5. Biographical Sketches. Provide a resume for the Principal Investigator (PI) and senior personnel (individuals with critical expertise who will be working on the project and are employed at the proposing company or at a subaward institution). Information regarding consultants should also be provided in this format but instead uploaded as part of the preliminary Budget Justification. Biographical sketches should not exceed two pages per person. Do not include personal information such as home address in biographical sketches. Provide information in the following sections: (I) Education: Institution, Location, Major/Concentration, Degree, and Year. (II) Relevant Experience: Include technical and/or commercial experience. List in reverse chronological order beginning with the current position. (III) Products: Includes patents, publications, etc. Up to 5 may be listed that are related to the proposed work and up to 5 that are significant but not related to the proposed work. You are not required to use the NSF Biographical Sketch template.

6. Budget and Subaward Budgets. Detailed documentation of all budget line items is required and MUST be documented in detail on the Budget Justification page (see next section). The proposed budget should reflect the needs of the proposed R&D project. Line numbers below refer to the required budget format in FastLane, NSF's proposal submission system. The total budget shall not exceed $225,000 for the Phase I proposal.

Line A - Senior Personnel. List the Principal Investigator and Senior Personnel by name, their time commitments (in calendar months), and the dollar amount requested. Senior Personnel are individuals with critical expertise who are employed at the proposing company. The PI must be budgeted for a minimum of one month to the proposed project and may be budgeted for more than two months (deviates from PAPPG-Chapter II.C.2g(i)(a)). The best source in determining an appropriate salary request is the Bureau of Labor Statistics. In the Budget Justification provide the title; annual, monthly, or hourly salary rate; time commitment; a calculation of the total requested salary; and a description of responsibilities for the PI and each of the Senior Personnel.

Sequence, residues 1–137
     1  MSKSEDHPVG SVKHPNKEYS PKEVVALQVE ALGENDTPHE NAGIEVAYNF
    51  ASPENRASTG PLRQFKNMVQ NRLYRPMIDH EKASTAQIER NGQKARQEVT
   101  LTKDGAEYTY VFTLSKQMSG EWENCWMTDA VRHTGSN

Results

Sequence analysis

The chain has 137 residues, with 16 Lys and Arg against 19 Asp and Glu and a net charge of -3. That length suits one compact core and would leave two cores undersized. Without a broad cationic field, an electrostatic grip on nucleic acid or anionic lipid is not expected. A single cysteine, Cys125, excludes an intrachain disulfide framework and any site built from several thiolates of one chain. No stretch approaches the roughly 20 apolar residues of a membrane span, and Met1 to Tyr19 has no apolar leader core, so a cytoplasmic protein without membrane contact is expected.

Line B - Other Personnel. List the number of additional general personnel (technicians, programmers, etc.) and the total monetary and time commitment for these personnel. These personnel must be employed at the proposing company. The details of the individual commitments, roles, and requested funds should be provided in the Budget Justification. Do NOT list company employees under B.1, B.3, or B.4 in the main budget. Post-doctoral scholars and students (undergraduate and graduate) should be listed on a subaward budget to a research institution, unless they are employees of the company, in which case they may be listed under Lines A, B.2, or B.6, as appropriate.

Line C - Fringe Benefits. It is recommended that proposers allot funds for fringe benefits here ONLY if the proposer's usual (established) accounting practices provide that fringe benefits be treated as direct costs. Otherwise, fringe benefits should be included in Line I, Indirect costs. (Line I+ Line C) should not be more than 150% of (Line A + Line B).

Line D - Equipment. Equipment may NOT be purchased on an NSF SBIR Phase I grant. Equipment is defined as an item of property that has an acquisition cost of $5,000 or more (unless the organization has established lower levels) and an expected service life of more than one year.